How a clean energy portfolio creates more than just value for Michigan
Last Friday, Michigan's two largest electric utilities, DTE Energy and Consumers Energy, announced plans to meet half of their load by 2030 with renewable energy and efficiency technologies. Their commitment is the latest example of utilities recognizing the value these technologies provide to their customers, and often to their shareholders, as well as to the environment.
The effort to develop a portfolio of at least 25 percent renewables and to meet the remainder of the 50 percent of load with efficiency technologies marks a big move away from relying on power plants burning fossil fuels to meet Michigan's energy needs. Thermal plants — burning coal, natural gas and nuclear fuel — produced more than 90 percent of the state's electricity as recently as February, according to the U.S. Department of Energy. DTE and Consumers are among the latest U.S. utilities to capitalize on an opportunity to change this reliance on thermal energy, likely at a net cost savings, by embracing resources such as renewables and efficiency.
Michigan as a microcosm of the national utility landscape
Across the U.S., about 50 percent, or nearly 500 gigawatts, of operating thermal capacity will reach retirement age by 2030, requiring new investment. Rocky Mountain Institute estimates that replacing these retiring plants with new natural gas plants would require about $500 billion of investment through 2030 and that this investment would commit customers to another $400 billion–$500 billion in fuel costs and 5 billion tons of carbon dioxide emissions in the same period.
However, a growing body of evidence suggests that states and countries that minimized the construction of new thermal capacity, and instead replaced old, costly fossil fuel-fired generators with renewables (PDF), efficiency, demand flexibility and battery storage have found that these resources can provide the same or better services at lower costs.
A new opportunity in the Midwest
Meeting the Michigan utilities' new goal could come with significant cost savings for the state's customers. RMI's new report, "The Economics of Clean Energy Portfolios," shows that because of the continuing cost declines of both renewable energy and distributed energy resource (DER) technologies, "clean energy portfolios" that combine the two often can be developed at significant net cost savings, with lower risk compared to building new gas-fired generation and zero carbon and air emissions.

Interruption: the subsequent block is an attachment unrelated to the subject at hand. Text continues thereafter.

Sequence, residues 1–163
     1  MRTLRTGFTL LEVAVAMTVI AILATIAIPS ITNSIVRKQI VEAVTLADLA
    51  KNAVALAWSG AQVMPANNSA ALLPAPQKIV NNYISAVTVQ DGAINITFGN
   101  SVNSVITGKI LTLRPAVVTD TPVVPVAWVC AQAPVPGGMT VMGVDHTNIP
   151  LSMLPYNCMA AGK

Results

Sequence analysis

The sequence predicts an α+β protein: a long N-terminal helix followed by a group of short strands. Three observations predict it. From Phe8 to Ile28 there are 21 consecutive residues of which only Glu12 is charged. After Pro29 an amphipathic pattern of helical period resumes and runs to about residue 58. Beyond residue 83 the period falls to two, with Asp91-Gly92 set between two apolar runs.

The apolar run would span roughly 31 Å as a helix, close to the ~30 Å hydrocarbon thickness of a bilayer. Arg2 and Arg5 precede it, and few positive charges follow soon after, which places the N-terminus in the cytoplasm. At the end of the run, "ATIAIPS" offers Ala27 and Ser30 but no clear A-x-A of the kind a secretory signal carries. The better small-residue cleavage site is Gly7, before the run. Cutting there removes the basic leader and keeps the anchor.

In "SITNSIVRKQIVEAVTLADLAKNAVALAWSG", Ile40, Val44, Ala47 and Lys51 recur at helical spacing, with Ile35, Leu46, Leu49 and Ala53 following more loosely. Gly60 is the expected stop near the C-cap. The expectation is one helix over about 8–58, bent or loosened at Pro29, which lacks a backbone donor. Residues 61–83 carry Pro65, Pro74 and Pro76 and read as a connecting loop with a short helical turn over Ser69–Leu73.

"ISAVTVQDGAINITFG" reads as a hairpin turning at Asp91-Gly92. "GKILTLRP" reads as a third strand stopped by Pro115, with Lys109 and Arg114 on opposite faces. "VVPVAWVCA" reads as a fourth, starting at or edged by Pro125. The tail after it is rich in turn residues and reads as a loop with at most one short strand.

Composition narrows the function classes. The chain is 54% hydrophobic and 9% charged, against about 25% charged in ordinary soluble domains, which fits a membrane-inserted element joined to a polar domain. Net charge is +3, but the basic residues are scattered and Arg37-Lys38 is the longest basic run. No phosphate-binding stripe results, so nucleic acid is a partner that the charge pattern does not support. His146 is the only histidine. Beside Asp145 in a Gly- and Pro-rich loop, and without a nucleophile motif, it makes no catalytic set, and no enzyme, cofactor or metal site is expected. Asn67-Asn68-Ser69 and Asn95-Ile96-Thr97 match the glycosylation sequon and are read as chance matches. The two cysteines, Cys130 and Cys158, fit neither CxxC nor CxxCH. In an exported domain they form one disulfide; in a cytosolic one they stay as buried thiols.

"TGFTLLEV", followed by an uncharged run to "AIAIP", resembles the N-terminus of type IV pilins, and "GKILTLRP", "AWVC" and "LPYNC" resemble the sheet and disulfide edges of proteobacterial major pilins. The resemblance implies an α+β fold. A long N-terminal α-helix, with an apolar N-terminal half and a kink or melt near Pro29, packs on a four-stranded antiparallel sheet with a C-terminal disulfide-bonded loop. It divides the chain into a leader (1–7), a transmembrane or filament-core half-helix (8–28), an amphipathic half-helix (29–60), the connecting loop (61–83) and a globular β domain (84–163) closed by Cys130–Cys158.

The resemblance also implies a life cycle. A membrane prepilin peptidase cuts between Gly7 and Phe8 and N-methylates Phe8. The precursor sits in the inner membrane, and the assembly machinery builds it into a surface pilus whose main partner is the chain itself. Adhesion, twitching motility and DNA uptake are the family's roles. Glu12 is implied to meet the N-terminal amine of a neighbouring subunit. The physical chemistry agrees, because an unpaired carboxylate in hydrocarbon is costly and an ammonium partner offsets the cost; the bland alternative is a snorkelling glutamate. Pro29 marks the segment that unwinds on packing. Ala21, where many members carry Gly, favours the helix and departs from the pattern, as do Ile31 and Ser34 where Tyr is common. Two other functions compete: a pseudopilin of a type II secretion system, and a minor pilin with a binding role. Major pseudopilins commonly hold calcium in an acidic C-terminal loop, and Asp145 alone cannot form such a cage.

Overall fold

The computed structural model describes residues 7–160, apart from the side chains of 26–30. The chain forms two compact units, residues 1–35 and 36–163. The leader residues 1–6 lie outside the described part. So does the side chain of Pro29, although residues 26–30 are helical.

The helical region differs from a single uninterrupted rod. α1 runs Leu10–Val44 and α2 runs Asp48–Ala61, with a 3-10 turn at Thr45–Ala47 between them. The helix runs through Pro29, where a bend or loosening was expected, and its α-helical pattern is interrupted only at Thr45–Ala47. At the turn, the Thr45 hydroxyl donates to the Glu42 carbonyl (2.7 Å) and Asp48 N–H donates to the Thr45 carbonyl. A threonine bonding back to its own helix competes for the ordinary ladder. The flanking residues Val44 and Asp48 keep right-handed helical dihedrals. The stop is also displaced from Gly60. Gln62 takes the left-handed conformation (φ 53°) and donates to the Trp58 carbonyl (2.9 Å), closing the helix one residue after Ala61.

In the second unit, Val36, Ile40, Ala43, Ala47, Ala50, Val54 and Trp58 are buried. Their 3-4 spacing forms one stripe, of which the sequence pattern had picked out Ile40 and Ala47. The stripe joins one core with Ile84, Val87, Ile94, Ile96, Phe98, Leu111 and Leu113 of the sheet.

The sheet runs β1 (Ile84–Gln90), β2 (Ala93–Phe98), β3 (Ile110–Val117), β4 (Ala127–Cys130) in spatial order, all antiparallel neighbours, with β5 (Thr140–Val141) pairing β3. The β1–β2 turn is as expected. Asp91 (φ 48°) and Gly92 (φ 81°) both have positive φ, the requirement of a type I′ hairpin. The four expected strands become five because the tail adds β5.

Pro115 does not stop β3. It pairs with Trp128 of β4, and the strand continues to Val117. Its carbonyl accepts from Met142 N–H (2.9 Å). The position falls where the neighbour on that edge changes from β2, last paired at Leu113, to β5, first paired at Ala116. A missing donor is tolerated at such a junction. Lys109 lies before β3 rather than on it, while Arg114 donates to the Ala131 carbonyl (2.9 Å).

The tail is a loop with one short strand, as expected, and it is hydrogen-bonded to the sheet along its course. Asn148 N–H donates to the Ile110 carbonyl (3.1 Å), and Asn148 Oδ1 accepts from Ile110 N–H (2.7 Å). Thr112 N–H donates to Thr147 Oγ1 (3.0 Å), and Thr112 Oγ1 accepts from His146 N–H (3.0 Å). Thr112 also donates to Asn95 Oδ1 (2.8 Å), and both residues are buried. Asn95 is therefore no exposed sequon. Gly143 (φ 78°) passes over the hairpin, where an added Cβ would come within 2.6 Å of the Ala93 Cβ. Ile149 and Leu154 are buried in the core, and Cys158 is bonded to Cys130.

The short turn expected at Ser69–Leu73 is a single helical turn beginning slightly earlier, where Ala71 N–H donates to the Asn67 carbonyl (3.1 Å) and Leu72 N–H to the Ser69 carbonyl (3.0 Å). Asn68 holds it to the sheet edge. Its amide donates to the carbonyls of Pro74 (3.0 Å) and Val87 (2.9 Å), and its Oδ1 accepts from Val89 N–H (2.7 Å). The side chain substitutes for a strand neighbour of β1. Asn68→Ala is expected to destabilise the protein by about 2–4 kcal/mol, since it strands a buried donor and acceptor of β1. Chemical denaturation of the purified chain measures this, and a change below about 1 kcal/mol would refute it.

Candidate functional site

The proposal, while saving money for customers, also could prove to be better for DTE’s and Consumers’s shareholders than continuing to rely on fuel-dependent generation. Because investor-owned utilities such as DTE and Consumers typically earn returns on capital invested, not fuel burned, choosing to prioritize investment in resources such as wind and solar that burn no fuel can be a win for both customers and shareholders, not to mention the environment. Xcel Energy's "steel for fuel" strategy in both Minnesota and Colorado is evidence that returns-seeking utilities can play a major role in driving a transition to a cleaner energy future, while also driving customer savings.
Next up: turning away from new natural gas-fired generation
While the news from Michigan last week is encouraging, there are still many opportunities to accelerate the energy transition using renewables and distributed energy resources in the Great Lakes State. For example, DTE just got approval from the Michigan Public Service Commission to build and recover its costs for a new $950 million gas-fired power plant, which will lock in costs and emissions for customers for decades to come.
Progress on clean energy across the country
The news last week out of Michigan is the latest example that shows that the U.S. energy grid is changing, as clean energy technologies such as renewables and DERs increasingly outcompete fossil fuels while also providing more customer choice and flexibility to grid operators. By investing in these increasingly cost-effective resources, utilities such as Consumers and DTE increasingly can serve the best interests of both customers and investors, and drive the transition to a future grid that is equally reliable, less costly and much less risky than the current paradigm. In keeping with its state motto, "If you seek a pleasant peninsula, look about you," it’s clear that good things are happening in Michigan.
This story first appeared on: